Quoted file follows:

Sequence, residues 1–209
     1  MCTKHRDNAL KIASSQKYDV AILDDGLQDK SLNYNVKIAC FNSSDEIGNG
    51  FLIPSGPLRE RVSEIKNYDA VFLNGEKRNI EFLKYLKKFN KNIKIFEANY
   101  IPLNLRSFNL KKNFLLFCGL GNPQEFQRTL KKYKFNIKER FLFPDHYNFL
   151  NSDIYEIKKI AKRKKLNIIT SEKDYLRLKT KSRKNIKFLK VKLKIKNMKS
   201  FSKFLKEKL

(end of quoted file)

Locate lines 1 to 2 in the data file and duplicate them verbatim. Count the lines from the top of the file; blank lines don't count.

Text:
Sequence, residues 1–209
     1  MCTKHRDNAL KIASSQKYDV AILDDGLQDK SLNYNVKIAC FNSSDEIGNG